Grangie and I are duplicates. My mother laughs at our similarities. On a beautiful day, one could easily find Grangie and I inside the house with the window open, snoozing, rather than doing anything productive. Grangie and I are social butterflies and like to be the life of the party, but we aren't concerned about details like cleanliness or fresh napkins. "After all," Grangie would sniff, "that's what the help is for." Of course, Grangie hadn't had help for over sixty years when she was retired, but I believe she still thought she had help, and that was what counted.

How can a life be wrapped up in one writing? It cannot. But for her, I wish wish wish I could show the world what an extraordinary life she led, what a kind soul she was, what an elf she could be. I wish I had known her as a young woman; I believe we would have gotten on fabulously.

On Thursday, my mother held the phone to Grangie's ear while I told her goodbye. She made soft sounds, like she recognized my voice. I would like to think so. I would like her to know that I intend to carry on her legacy of divine class, outstanding humor, and reluctant task-completion. I would like her to know that I believe in reading, and in card games, and in beautiful gardens. I hope she knows that I love my husband with the same verve she loved hers. We are cut from the same cloth, and I am a lucky woman for having such a magnificent lady of a grandmother.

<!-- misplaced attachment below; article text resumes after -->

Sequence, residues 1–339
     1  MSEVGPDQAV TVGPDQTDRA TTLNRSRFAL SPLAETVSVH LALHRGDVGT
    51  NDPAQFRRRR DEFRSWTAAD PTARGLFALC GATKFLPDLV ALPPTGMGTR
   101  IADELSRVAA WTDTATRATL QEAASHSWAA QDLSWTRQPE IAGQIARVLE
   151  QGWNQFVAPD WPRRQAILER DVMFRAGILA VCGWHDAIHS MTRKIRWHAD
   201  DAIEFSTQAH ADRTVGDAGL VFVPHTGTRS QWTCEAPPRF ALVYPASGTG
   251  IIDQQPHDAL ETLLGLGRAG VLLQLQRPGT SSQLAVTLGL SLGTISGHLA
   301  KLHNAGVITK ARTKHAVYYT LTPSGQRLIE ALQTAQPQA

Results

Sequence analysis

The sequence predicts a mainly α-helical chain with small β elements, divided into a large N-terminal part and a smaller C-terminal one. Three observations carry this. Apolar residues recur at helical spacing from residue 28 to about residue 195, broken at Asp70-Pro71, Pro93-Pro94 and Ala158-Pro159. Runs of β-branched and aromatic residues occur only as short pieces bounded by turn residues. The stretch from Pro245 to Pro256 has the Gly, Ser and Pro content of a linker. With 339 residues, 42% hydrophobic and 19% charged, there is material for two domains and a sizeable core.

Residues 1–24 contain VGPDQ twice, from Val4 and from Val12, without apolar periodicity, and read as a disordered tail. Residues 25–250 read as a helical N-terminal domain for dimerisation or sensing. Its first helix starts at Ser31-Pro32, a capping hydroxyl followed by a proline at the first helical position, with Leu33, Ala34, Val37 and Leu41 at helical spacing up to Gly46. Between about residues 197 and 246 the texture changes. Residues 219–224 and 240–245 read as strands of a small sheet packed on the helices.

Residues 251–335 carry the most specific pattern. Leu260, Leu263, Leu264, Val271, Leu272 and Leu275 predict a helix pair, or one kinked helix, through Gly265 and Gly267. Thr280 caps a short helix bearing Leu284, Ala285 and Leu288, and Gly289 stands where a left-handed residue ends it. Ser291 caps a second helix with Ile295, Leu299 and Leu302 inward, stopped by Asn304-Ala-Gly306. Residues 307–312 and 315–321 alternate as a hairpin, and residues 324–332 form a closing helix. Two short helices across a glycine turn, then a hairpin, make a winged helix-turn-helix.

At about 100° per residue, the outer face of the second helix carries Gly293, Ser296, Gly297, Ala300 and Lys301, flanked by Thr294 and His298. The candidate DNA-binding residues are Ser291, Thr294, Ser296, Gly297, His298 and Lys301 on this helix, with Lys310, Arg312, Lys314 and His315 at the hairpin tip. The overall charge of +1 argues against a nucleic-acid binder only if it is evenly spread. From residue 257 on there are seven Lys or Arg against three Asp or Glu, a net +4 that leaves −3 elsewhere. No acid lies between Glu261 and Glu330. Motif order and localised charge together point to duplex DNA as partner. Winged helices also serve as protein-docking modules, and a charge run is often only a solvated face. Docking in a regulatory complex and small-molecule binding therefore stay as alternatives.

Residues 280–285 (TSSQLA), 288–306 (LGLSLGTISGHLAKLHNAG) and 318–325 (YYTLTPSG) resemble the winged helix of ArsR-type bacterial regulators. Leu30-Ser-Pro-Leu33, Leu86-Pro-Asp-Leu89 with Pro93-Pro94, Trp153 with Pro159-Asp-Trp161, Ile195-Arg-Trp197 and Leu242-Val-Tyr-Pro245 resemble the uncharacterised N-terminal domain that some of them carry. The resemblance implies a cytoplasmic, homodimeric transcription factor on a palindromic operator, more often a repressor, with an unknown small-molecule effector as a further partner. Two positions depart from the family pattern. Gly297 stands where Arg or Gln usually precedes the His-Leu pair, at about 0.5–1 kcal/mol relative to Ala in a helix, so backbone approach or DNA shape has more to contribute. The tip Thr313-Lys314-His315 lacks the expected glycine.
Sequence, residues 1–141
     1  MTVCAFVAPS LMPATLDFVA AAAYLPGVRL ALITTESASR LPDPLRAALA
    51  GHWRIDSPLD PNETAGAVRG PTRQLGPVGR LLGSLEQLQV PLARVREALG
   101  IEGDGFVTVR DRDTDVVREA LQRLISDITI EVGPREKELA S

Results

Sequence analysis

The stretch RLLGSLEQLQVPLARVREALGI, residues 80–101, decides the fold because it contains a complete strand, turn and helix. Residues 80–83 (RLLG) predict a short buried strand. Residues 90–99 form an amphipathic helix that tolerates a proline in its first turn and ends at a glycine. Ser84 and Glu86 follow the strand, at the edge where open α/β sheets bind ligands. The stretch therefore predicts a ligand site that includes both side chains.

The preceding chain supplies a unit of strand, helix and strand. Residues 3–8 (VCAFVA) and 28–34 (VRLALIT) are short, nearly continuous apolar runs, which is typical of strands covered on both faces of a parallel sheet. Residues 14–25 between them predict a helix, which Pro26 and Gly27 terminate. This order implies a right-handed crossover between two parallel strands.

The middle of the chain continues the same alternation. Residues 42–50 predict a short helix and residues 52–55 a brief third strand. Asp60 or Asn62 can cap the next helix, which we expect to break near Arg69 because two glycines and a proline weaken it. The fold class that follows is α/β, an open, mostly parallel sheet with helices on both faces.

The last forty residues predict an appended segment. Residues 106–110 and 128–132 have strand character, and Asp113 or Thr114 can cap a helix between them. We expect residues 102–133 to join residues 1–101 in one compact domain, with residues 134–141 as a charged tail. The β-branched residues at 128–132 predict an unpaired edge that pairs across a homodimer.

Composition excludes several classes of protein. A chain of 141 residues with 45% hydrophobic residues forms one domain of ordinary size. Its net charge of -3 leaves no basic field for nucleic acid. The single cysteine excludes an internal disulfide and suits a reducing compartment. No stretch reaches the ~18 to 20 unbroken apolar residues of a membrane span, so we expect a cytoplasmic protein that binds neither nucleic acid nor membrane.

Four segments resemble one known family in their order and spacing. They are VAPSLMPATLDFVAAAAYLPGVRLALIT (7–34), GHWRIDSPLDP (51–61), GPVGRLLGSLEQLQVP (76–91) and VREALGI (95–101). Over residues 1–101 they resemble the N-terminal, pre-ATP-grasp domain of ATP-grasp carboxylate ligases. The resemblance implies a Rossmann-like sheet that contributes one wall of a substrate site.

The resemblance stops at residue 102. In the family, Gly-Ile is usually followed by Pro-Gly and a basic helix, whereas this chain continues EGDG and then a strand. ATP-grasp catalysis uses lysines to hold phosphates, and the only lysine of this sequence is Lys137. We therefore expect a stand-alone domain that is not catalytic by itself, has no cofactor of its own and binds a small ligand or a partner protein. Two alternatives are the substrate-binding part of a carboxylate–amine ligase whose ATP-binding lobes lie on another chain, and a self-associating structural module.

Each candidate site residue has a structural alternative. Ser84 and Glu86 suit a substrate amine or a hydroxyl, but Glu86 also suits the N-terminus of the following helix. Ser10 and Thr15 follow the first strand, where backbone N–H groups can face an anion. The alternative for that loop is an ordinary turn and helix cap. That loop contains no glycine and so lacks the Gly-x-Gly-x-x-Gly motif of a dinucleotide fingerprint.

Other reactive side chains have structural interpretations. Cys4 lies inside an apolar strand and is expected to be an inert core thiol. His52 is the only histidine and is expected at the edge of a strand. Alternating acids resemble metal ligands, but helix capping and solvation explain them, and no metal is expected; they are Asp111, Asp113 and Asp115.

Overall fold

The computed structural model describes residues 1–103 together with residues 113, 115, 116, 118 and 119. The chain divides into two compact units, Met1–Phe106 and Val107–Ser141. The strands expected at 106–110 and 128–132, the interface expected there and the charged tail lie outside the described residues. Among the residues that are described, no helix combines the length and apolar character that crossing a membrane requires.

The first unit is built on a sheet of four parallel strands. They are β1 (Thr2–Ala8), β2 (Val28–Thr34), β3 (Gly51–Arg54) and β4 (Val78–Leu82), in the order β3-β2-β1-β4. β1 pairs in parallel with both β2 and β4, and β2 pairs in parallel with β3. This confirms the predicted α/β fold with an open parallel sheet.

Now, I only have the hope of my grandmother's heaven. I hope it is filled with songs of Artie Shaw and Tommy Dorsey, of good coffee and better wine, and of endless summer breezes that lift my grandmother's auburn locks and twist them round her bright blue eyes. And her friends. I hope she could be with them and her husband and all of them, chuckling at how wonderful it all is, how absolutely astounding life is. I hope with all my might she can go with a smile and some mirth, and that her beyond is as rich as her life.

Wind on the Hill

No one can tell me,

Nobody knows,
Where the wind comes from,
Where the wind goes.

It's flying from somewhere
As fast as it can,
I couldn't keep up with it,
Not if I ran.

But if I stopped holding
The string of my kite,
It would blow with the wind
For a day and a night.

And then when I found it,
Wherever it blew,
I should know that the wind
Had been going there too.

So then I could tell them
Where the wind goes...
But where the wind comes from
Nobody knows.

-AA Milne

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    We shall not cease from exploration And the end of all our exploring Will be to arrive where we started And know the place for the first time. Through the unknown, unremembered gate When the last of earth left to discover Is that which was the beginning; At the source of the longest river The voice of the hidden waterfall And the children in the apple-tree Not known, because not looked for But heard, half-heard, in the stillness Between two waves of the sea. Quick now, here, now, always— A condition of complete simplicity (Costing not less than everything) And all shall be well and All manner of thing shall be well When the tongues of flame are in-folded Into the crowned knot of fire And the fire and the rose are one. -T.S. Eliot "Little Gidding"